The only official Windows Phone in Japan is au’s Toshiba IS12T. Not wanting to change plan, I picked up a SIM unlocked Nokia Lumia 800 and put the Softbank micro SIM card from my iPhone 4 inside. If you want a more general guide to setting up Windows Phone for previous iPhone users and what apps should be installed, read Scott Hanselman’s post. Remember to disable iMessage if you are moving from an iPhone.
About the Nokia Network Setup application
DO NOT use the Nokia Network Setup application as it will not make your phone work with Softbank in any way. It tries to set up WAP-era metered dialup connection which Windows Phone 7 does not support any more. If this ever worked, it would cause massive phone bills and general misery. Steer clear.
What does and doesn’t work
|SMS messaging between carriers||OK|
|SMS messaging to Softbank and other iPhone users||OK|
|MMS via @softbank.ne.jp||NG|
|MMS via @i.softbank.jp||OK|
Setting up data
The Softbank iPhone unlimited data plan works with other phones if you put the “secret” access point details in. The access point name is “smile.world”, username is “dna1trop” – you will need to Google for the password. Insert this access point information under Settings > Mobile Network > Edit APN and you will have data working, including HDSPA which will show up with an “H” icon in the status bar.
Messaging – dealing with the lack of MMS
MMS is supported by Softbank, but only on phone models they sell. Windows Phone 7 has MMS support but because the User Agent is unrecognized by Softbank, they block it at their MMS proxy server. Android users can easily change their MMS User Agent to match a phone that Softbank sell, but the Lumia 800 cannot do this as there is no Interop “root” access available yet. Nokia almost allowed the setting of MMS User Agent in the built-in Diagnostics application but for some unfathomable reason locked the “MMSPage.xaml” screen out – .NET Reflector even shows the registry key that the application would have edited:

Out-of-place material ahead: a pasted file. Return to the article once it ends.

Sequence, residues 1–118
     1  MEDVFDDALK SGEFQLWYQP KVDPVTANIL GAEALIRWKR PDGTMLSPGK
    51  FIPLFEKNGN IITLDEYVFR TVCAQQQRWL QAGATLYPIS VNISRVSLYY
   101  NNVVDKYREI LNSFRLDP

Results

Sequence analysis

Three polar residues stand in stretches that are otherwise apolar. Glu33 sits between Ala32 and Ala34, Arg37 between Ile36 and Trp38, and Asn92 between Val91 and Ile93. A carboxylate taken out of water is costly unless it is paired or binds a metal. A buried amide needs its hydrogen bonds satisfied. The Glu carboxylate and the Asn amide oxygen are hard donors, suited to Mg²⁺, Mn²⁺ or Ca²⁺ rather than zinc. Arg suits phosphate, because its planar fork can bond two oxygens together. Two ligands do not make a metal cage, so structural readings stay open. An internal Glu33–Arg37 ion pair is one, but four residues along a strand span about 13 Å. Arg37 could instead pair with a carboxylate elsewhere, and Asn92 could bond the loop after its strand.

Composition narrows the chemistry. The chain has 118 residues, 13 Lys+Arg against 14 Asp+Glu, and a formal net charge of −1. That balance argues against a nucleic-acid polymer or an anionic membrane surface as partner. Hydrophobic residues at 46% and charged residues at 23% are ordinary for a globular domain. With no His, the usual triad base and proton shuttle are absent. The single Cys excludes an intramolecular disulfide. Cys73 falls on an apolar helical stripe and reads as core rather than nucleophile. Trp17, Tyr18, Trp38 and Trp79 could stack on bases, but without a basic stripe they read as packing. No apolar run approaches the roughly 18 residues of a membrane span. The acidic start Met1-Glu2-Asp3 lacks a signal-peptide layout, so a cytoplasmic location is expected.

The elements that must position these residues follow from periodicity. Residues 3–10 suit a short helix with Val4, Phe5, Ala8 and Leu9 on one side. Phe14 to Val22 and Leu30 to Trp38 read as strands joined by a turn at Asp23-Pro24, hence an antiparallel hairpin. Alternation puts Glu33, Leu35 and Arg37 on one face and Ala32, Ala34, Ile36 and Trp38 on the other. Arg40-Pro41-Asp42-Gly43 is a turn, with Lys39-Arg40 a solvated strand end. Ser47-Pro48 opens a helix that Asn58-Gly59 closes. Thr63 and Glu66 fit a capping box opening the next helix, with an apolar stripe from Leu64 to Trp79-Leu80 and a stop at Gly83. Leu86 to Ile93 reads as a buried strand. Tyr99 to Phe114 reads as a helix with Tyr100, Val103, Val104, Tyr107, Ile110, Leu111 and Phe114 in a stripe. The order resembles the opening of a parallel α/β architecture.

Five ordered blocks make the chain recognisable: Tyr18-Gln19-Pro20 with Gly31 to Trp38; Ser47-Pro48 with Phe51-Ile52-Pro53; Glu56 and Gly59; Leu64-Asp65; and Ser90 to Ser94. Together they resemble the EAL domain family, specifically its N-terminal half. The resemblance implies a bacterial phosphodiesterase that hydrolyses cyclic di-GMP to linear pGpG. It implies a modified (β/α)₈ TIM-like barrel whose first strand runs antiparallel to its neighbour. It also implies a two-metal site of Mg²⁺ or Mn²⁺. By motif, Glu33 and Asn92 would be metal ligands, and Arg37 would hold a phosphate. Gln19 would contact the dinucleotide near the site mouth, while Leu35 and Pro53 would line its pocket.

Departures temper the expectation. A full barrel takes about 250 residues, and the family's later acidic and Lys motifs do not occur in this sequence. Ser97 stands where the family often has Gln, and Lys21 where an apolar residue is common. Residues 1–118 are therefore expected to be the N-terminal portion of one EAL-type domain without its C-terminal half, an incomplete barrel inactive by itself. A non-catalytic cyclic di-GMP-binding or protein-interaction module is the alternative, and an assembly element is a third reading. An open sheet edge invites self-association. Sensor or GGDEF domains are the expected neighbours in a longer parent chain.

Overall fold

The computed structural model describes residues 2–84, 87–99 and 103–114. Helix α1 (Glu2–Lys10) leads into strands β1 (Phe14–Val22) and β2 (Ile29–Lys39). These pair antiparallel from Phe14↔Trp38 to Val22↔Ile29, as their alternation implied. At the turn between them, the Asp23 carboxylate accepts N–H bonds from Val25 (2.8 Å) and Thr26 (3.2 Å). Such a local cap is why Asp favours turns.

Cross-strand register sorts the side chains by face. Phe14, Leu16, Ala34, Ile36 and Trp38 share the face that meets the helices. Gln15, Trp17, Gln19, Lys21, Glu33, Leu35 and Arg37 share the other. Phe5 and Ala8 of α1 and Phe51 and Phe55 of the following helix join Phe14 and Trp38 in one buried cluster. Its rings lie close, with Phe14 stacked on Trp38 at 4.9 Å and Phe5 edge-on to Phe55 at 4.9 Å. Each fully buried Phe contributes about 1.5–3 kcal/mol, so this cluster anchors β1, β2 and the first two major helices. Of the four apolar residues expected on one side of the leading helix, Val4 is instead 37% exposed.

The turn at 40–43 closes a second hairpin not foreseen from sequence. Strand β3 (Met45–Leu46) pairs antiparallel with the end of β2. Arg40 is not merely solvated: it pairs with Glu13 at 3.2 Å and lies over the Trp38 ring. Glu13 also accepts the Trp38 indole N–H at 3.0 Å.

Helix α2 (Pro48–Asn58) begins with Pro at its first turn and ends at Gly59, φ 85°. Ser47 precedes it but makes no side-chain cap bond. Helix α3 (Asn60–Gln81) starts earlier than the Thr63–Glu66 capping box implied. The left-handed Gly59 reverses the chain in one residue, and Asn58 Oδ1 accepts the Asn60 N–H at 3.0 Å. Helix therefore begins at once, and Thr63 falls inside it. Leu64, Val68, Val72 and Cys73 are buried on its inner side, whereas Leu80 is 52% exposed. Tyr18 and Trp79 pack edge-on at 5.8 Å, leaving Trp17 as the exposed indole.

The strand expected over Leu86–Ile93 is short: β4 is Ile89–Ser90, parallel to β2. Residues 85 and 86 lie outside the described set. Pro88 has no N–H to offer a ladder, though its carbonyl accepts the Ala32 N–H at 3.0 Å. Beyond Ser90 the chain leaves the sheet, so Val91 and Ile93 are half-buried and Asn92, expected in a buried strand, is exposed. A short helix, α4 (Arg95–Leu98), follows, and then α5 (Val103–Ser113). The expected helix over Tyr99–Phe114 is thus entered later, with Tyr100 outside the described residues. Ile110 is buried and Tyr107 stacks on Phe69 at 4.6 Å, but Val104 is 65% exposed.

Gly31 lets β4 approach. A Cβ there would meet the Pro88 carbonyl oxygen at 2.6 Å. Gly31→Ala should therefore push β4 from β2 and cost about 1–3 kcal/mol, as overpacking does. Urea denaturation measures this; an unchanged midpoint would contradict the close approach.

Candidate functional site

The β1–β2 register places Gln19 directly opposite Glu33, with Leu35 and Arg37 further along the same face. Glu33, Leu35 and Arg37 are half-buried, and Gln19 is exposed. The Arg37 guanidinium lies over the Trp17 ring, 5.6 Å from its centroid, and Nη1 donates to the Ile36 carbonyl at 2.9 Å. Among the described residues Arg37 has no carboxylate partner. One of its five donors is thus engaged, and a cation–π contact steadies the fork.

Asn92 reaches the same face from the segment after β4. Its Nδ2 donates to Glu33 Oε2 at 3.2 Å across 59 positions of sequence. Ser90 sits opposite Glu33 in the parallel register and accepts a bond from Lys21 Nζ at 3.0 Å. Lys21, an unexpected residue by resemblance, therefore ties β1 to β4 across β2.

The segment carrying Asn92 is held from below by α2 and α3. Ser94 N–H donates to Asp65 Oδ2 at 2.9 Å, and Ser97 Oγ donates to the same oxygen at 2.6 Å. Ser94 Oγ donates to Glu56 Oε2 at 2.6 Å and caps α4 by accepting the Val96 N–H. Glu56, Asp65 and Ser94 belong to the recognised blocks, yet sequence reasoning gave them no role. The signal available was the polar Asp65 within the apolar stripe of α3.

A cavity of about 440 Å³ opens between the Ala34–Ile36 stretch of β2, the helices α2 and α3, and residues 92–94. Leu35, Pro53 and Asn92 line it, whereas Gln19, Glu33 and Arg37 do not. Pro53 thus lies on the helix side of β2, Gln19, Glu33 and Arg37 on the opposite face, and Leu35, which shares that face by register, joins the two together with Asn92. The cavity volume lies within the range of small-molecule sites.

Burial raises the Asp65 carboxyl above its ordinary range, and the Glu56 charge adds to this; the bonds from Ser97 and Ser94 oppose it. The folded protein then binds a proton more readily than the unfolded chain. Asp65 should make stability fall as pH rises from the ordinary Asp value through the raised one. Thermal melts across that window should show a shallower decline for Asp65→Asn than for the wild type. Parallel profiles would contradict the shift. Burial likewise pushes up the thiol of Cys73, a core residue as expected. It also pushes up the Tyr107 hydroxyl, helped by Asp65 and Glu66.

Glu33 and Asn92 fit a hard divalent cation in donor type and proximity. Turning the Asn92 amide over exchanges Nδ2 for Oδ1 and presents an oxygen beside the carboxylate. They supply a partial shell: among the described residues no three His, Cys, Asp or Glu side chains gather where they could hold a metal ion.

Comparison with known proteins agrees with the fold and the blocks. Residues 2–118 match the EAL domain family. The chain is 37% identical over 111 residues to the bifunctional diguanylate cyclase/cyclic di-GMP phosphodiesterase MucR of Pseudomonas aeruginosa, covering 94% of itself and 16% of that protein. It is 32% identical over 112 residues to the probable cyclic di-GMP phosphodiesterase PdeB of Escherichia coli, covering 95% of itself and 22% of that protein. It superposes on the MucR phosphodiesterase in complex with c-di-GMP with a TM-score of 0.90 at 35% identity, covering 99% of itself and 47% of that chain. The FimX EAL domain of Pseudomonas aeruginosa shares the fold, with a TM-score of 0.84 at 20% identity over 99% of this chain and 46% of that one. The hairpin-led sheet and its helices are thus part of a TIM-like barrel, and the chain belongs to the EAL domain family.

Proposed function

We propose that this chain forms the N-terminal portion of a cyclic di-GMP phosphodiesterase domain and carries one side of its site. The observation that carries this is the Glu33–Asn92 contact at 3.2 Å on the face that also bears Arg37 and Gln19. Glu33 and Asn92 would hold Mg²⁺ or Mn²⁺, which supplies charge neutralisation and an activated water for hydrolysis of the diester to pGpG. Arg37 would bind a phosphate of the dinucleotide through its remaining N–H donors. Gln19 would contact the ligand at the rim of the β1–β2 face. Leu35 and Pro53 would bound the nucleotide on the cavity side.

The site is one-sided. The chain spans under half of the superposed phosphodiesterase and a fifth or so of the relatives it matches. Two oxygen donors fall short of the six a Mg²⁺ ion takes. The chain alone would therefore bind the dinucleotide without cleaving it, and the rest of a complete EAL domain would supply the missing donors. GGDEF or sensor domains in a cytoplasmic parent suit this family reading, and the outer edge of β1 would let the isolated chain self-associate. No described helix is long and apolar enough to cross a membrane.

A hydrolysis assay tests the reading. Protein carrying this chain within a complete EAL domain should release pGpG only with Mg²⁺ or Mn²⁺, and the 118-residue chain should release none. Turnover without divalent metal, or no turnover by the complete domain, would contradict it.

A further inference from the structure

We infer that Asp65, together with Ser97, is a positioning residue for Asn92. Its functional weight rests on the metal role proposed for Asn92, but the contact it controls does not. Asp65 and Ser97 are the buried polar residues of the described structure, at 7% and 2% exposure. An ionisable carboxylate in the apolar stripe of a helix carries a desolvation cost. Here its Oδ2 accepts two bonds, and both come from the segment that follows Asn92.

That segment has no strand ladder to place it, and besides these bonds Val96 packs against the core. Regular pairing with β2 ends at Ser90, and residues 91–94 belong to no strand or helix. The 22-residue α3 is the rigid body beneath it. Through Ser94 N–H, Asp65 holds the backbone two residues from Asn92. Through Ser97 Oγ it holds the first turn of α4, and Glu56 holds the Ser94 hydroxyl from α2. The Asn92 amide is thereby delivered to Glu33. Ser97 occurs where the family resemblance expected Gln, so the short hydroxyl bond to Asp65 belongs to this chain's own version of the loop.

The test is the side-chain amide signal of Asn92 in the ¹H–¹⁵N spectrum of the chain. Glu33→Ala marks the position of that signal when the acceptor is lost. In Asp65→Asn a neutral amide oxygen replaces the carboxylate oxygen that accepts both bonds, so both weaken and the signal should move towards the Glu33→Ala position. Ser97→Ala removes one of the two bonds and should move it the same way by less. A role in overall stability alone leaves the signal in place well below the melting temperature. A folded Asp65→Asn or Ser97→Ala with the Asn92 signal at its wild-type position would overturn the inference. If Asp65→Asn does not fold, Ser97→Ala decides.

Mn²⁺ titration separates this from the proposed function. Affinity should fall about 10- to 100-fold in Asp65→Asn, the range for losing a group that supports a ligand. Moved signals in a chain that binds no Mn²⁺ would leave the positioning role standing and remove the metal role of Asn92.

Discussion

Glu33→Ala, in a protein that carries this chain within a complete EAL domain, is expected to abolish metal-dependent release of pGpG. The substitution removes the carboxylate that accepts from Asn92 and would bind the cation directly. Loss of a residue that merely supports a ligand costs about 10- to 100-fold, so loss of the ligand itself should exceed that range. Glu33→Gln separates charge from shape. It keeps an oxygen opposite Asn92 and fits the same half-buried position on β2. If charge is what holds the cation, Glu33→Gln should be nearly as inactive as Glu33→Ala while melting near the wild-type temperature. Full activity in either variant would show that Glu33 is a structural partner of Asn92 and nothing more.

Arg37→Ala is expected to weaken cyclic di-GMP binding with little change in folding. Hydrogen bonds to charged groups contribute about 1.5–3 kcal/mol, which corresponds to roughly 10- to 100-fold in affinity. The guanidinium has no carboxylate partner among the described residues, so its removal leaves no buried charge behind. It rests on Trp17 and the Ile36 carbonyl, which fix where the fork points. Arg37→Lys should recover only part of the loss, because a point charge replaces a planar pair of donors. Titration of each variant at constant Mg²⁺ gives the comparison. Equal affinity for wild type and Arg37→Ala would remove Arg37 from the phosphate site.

Hopefully Nokia releases an updated version of the Diagnostics application where we can set the MMS UserAgent or an Interop unlock for the Lumia 800 is found.
Last year Japan’s networks turned on SMS, meaning you can send text messages between carriers just like the rest of the world. Messages are free between users on your network but about 3 yen to other networks. Japanese text is supported and Windows Phone will even show some basic emoticons out of the box. When somebody sends you an MMS to your phone number or keitai email address, you get an SMS reading “Get media content now”. You’ll be able to see who sent the message but won’t be able to read the contents or directly reply. With Windows Live and Facebook chat built into the phone, this is only a slight annoyance – it is in your best interests to wean your contacts off your Softbank-locked @softbank.ne.jp keitai mail address anyway as this will make it painless to change provider in the future once Japan’s carrier market has loosened up a bit.
You can still use the @i.softbank.jp email address that you got with your iPhone as it is a standard IMAP account. Just add it as an extra email in Windows Phone and it will auto-detect the settings. You can email other keitai email users as it counts as a “keitai” email address so will not be immediately blocked by spam filters. When somebody sends an email to this address, you get a “flash” SMS. This system was used on the iPhone before it got MMS support.